sh(22232) malloc: *** error for object 0x34e340: incorrect checksum for freed object - object was probably modified after being freed, break at szone_error to debug
sh(22232) malloc: *** set a breakpoint in szone_error to debug
sh(22232) malloc: *** Deallocation of a pointer not malloced: 0x34d7ab; This could be a double free(), or free() called with the middle of an allocated block; Try setting environment variable MallocHelp to see tools to help debug
sh(22232) malloc: *** Deallocation of a pointer not malloced: 0x34e340; This could be a double free(), or free() called with the middle of an allocated block; Try setting environment variable MallocHelp to see tools to help debug
checking sys/time.h usability... Makefile:16170: recipe for target 'configure-stage2-target-libgomp' failed
gmake[2]: *** [configure-stage2-target-libgomp] Error 137

This behaviour has previously been observed when attempting to build GCC on the PowerBook

The stability of sevan.mit.edu was improved by re-applying the 10.4.11 combo update.

Currently in the process of fixing devel/cmake, cmake now get through most of the build (it was previously failed at 3%) but fails at the linking stage due to path issues. It picks up the pkgsrc version of CURL as /usr/pkg/bin/curl but tries to link against libraries in /Developer/SDKs/MacOSX10.4u.sdk/usr/pkg/lib which doesn’t exist.

The TenFourFox blog mentioned the effort thanks to Cameron Kaiser of Floodgap.

10/08/2014

coreboot on PC Engines Alix 2c3

Filed under: General — Tags: , — Venture37 @ 12:29 am

IMG_2883.JPG
I’ve been following coreboot (formally LinuxBIOS) for quite a while but my last attempt to run it ended disastrously a couple of years back on the defunct coreboot 3 branch, requiring an RMA for a new Alix 2c3 board & the purchase of additional tools.
A ThinkPad X60s was offered up by my friendly local “old computer” pusher which I chose to try coreboot on but before I bricked that, I thought I’d try the Alix again as I was in possession of the everything needed to debug or recover the board if things went wrong.
A lot of time was wasted trying to get things built on OS X & diverged into briefly trying CentOS 7 (systemd, run away) before settling on Debian 7.6 to build on.

Running apt-get install gcc make libncurses-dev doxygen iasl gdb flex bison will install the necessary dependencies to build coreboot on Debian following the build guide.

Selecting a board from the menu should set the ROM size as well but I was advised to double check, on the Alix 2c3 the flash chip is located under the board, my board had a AMIC A49LF040ATY-33F.
IMG_2891

Once the image was built, coreboot.rom was copied to the Alix running FreeBSD/i386 10-RELEASE & flashed with sysutils/flashrom built from ports.
Flashrom currently assumes that there’s a device node named /dev/cpu0 and sysutils/devcpu-data offers the necessary device but on FreeBSD it’s named /dev/cpuctl0, a symlink allows you to work around the hardcoded assumption once the micro_code service has been started.

service micro_code onestart
ln -s /dev/cpuctl0 /dev/cpu0

coreboot can then be programmed with flashrom -p internal:laptop=this_is_not_a_laptop -w ~/coreboot.rom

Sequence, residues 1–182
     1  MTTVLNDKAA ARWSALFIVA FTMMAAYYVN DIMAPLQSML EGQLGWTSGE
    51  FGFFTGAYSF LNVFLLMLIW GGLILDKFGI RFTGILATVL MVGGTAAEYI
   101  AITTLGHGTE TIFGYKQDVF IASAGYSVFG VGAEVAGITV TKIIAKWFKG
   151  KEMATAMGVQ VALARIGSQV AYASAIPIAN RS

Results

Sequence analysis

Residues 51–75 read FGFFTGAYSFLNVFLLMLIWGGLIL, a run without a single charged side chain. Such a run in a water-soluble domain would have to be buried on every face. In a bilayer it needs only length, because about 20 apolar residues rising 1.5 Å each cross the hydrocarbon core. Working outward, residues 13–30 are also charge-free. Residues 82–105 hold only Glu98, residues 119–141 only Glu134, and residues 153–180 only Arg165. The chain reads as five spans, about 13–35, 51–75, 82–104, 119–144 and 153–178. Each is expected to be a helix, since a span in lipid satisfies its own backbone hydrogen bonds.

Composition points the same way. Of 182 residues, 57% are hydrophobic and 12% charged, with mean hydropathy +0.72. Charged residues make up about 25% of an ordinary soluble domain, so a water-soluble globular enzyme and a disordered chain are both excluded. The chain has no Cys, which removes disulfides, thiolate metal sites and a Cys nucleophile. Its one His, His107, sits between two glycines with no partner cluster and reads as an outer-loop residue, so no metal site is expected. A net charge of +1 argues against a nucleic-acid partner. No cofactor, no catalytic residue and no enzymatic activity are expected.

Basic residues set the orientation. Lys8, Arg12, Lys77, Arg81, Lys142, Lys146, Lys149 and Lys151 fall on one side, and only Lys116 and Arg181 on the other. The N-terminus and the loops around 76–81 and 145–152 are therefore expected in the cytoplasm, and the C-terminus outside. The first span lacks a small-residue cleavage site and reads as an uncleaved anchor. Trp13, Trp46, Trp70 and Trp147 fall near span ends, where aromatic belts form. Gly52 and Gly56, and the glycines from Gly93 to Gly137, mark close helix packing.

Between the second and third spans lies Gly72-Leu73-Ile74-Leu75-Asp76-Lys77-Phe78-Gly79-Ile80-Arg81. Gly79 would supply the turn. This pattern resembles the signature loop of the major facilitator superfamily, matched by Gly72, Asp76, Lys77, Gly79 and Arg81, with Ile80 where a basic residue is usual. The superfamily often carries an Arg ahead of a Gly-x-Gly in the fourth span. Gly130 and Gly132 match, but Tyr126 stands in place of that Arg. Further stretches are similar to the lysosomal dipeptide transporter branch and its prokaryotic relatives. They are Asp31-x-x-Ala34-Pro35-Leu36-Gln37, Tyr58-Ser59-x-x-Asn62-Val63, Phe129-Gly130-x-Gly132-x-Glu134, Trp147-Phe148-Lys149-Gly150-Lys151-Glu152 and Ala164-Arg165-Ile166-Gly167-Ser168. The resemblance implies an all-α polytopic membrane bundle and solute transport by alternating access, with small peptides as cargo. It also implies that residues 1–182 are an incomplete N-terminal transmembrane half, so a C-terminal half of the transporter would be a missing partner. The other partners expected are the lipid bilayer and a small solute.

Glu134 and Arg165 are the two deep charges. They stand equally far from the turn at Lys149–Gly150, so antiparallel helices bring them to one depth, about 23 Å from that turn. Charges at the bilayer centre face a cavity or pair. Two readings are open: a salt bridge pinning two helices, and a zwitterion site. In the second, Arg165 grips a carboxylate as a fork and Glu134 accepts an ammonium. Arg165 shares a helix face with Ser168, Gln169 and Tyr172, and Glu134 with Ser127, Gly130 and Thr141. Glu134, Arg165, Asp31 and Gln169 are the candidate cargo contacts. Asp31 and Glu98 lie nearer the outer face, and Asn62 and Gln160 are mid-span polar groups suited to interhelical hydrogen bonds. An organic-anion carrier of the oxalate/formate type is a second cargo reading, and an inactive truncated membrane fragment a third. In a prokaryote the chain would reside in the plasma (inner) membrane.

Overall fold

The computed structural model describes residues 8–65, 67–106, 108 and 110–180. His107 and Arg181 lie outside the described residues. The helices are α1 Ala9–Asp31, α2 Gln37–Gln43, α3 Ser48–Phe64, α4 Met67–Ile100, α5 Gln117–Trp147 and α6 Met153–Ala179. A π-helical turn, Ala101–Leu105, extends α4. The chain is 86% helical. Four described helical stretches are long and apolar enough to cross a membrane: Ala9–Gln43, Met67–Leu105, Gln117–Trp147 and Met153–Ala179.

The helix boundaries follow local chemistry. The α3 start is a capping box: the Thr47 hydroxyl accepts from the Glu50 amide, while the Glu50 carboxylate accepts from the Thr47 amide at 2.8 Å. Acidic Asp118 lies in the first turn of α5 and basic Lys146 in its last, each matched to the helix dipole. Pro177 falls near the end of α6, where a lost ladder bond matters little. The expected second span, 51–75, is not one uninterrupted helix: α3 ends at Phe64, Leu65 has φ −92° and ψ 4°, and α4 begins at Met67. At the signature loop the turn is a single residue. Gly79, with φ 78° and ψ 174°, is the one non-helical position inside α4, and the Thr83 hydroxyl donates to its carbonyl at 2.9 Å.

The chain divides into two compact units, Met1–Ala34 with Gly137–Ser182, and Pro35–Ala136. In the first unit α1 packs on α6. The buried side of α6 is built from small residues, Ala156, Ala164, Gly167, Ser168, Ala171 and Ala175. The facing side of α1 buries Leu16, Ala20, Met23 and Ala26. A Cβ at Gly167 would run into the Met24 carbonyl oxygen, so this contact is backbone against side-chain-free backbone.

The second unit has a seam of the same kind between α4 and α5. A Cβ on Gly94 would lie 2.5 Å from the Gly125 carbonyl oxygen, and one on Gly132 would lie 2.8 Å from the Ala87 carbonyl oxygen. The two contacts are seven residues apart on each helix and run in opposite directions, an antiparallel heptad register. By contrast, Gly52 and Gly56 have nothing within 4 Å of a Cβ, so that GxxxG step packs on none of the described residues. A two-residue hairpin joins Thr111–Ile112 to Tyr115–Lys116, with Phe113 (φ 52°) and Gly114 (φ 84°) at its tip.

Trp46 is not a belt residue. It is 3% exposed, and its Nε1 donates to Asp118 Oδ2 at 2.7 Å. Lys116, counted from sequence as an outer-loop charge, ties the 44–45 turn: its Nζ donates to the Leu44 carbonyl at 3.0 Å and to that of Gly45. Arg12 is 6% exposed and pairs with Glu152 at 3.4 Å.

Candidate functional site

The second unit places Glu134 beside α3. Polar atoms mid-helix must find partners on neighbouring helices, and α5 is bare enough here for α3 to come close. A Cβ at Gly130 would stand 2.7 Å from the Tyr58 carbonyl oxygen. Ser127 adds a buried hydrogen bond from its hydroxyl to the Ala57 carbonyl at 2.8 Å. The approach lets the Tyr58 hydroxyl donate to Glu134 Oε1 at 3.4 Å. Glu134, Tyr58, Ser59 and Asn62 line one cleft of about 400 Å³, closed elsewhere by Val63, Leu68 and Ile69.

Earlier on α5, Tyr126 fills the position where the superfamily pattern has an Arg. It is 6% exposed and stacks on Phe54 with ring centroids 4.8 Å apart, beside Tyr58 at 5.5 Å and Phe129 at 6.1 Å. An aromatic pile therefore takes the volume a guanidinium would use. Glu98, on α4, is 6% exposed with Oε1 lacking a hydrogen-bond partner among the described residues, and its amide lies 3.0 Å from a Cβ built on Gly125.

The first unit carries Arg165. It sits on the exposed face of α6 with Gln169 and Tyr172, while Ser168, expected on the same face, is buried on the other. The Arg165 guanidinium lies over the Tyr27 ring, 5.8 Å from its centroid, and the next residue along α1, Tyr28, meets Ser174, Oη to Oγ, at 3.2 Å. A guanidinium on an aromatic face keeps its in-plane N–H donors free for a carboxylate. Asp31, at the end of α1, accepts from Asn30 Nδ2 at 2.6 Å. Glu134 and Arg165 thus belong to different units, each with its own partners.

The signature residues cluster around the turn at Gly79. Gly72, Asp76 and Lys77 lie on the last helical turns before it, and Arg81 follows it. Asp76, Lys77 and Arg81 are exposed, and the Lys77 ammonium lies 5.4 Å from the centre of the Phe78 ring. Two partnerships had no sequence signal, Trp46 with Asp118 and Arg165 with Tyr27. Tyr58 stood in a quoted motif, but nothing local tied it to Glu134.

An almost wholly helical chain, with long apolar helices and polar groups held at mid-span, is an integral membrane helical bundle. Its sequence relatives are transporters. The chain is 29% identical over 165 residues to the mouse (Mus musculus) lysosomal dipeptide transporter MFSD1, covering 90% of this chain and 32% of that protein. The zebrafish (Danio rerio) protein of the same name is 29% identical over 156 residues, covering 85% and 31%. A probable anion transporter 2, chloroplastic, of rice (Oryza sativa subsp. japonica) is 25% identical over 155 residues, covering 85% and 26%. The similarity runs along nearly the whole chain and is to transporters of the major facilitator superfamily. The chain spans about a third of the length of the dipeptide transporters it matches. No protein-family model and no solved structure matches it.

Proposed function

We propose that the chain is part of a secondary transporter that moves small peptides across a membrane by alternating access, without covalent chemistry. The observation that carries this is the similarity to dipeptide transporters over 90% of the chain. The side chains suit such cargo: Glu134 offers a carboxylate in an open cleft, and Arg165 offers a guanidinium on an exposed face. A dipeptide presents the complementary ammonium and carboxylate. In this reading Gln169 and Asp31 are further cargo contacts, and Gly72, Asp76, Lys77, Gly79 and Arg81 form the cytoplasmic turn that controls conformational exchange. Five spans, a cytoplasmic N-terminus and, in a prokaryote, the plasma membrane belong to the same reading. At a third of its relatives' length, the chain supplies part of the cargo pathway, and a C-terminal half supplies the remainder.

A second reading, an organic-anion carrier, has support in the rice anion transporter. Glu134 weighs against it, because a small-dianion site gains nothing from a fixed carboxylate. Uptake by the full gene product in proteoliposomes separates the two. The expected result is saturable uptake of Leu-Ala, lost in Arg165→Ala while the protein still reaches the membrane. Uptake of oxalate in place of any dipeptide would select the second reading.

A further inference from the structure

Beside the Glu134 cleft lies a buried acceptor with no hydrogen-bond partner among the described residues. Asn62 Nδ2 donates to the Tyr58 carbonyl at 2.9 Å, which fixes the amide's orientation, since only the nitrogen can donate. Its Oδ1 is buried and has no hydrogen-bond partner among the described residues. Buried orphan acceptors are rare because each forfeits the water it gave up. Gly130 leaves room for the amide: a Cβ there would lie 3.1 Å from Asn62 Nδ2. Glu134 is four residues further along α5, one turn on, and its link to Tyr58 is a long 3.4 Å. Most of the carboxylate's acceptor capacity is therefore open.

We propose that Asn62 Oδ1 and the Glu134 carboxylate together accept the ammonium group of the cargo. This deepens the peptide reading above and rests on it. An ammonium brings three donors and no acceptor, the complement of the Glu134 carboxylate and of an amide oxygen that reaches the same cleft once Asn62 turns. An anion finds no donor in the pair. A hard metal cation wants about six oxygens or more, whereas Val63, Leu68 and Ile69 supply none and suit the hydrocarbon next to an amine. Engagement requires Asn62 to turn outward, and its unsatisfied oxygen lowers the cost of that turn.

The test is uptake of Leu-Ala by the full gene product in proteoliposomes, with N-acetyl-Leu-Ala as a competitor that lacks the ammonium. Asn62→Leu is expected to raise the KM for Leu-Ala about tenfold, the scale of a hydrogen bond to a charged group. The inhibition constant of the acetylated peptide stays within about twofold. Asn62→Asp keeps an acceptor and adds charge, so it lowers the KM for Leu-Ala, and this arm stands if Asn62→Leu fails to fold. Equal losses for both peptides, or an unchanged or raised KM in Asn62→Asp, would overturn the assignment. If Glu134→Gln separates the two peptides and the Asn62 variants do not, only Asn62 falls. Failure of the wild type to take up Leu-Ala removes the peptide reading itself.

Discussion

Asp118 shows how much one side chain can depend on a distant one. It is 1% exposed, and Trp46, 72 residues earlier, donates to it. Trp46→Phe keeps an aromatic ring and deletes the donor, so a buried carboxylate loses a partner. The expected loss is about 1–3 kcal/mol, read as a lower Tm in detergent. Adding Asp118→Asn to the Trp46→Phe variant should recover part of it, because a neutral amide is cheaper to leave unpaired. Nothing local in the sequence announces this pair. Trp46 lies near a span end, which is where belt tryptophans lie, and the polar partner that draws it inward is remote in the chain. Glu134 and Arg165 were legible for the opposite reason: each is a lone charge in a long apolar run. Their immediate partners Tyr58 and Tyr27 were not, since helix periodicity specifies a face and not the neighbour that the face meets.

flashrom v0.9.7-r1711 on FreeBSD 10.0-RELEASE-p7 (i386)
flashrom is free software, get the source code at http://www.flashrom.org

Calibrating delay loop… delay loop is unreliable, trying to continue OK.
========================================================================
WARNING! You may be running flashrom on an unsupported laptop. We could
not detect this for sure because your vendor has not setup the SMBIOS
tables correctly. You can enforce execution by adding
‘-p internal:laptop=this_is_not_a_laptop’ to the command line, but
please read the following warning if you are not sure.

Laptops, notebooks and netbooks are difficult to support and we
recommend to use the vendor flashing utility. The embedded controller
(EC) in these machines often interacts badly with flashing.
See the manpage and http://www.flashrom.org/Laptops for details.

If flash is shared with the EC, erase is guaranteed to brick your laptop
and write may brick your laptop.
Read and probe may irritate your EC and cause fan failure, backlight
failure and sudden poweroff.
You have been warned.
========================================================================
Proceeding anyway because user forced us to.
Found chipset “AMD CS5536″. Enabling flash write… OK.
Warning: unexpected second chipset match: “AMD CS5536″
ignoring, please report lspci and board URL to flashrom@flashrom.org
with ‘CHIPSET: your board name’ in the subject line.
Found AMIC flash chip “A49LF040A” (512 kB, LPC) at physical address 0xfff80000.
Reading old flash chip contents… done.
Erasing and writing flash chip… Erase/write done.
Verifying flash… VERIFIED.

Power cycling the box will result in text output or garbage depending on if your console speed settings have changed or not, coreboot defaults to the speed of 115200bps, the factory default speed of Alix is 38400bps & the default console speed of FreeBSD is 9600bps.

When attempting to generate a new image with different settings be sure to make clean before starting.
In my image I removed the “PS/2 keyboard init” option from the “Generic Drivers” menu. Still todo is building an image with PXE support, test booting other BSD’s, try different payloads, in particular Open Firmware & generate status data for submission to change board support status on wiki.

IMG_2886.JPG

Through the previously failed attempt to run coreboot 3 I ended up with a LPC.1a & a POST.5a mini-pci board, the LPC.1a is absolutely essential for testing if you do not have more advanced equipment which would allow you to re-program the flash chip. The LPC.1a is a secondary BIOS chip which can override the onboard the flash, allowing you to boot the system & reprogram the onboard chip again. J2 jumper allows you to select which chip to boot from. When reflashing the chip on the motherboard with flashrom with the LPC.1a inserted (and set to read only), flashrom trashed the image on the onboard chip. Rebooting the system & carefully removing the LPC.1a before re-flashing allowed the process to complete successfully.